Scaffold-DbContext "Server=(localdb)\mssqllocaldb;Database=Blogging;Trusted_Connection=True;" Microsoft.EntityFrameworkCore.SqlServer -OutputDir Models

Tip

You can specify which tables you want to generate entities for by adding the -Tables argument to the command above. E.g. -Tables Blog,Post.

The reverse engineer process created entity classes (Blog.cs & Post.cs) and a derived context (BloggingContext.cs) based on the schema of the existing database.

The entity classes are simple C# objects that represent the data you will be querying and saving.

using System;
using System.Collections.Generic;

namespace EFGetStarted.AspNetCore.ExistingDb.Models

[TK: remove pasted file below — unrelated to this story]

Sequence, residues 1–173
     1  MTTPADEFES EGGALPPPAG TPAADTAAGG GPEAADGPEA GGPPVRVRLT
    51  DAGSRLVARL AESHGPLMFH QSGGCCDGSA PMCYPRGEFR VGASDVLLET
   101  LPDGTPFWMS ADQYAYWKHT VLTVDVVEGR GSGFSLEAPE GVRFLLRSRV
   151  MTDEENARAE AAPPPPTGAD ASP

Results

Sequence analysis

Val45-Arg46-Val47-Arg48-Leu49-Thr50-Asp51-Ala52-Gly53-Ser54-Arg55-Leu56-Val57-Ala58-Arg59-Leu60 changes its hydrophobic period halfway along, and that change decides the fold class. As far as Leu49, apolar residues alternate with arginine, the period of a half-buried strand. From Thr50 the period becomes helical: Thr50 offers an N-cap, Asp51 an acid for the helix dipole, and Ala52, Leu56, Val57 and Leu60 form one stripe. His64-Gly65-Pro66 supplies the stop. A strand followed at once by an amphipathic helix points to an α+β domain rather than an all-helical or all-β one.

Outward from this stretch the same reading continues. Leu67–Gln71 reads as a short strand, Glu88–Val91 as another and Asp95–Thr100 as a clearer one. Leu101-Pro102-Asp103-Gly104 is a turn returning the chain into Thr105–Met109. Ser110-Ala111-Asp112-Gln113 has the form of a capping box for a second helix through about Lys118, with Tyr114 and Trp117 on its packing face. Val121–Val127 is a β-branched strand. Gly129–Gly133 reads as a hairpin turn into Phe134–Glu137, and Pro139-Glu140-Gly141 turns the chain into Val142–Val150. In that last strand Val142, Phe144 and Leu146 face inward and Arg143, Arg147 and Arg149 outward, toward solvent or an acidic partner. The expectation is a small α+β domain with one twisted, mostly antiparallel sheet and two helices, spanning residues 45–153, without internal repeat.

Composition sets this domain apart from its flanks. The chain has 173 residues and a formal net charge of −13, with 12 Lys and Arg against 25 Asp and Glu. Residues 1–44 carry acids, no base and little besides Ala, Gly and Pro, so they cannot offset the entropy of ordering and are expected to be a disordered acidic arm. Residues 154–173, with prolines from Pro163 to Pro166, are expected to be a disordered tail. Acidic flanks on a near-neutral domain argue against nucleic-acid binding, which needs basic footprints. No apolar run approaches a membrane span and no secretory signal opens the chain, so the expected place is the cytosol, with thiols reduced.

{
    public partial class Blog
    {
        public Blog()
        {
            Post = new HashSet<Post>();
        }

        public int BlogId { get; set; }
        public string Url { get; set; }

        public virtual ICollection<Post> Post { get; set; }
    }
}

The context represents a session with the database and allows you to query and save instances of the entity classes.

public partial class BloggingContext : DbContext
{
   public virtual DbSet<Blog> Blog { get; set; }
   public virtual DbSet<Post> Post { get; set; }

   protected override void OnConfiguring(DbContextOptionsBuilder optionsBuilder)
   {
       if (!optionsBuilder.IsConfigured)
       {
           #warning To protect potentially sensitive information in your connection string, you should move it out of source code. See http://go.microsoft.com/fwlink/?LinkId=723263 for guidance on storing connection strings.
           optionsBuilder.UseSqlServer(@"Server=(localdb)\mssqllocaldb;Database=Blogging;Trusted_Connection=True;");
       }
   }

   protected override void OnModelCreating(ModelBuilder modelBuilder)
   {
       modelBuilder.Entity<Blog>(entity =>
       {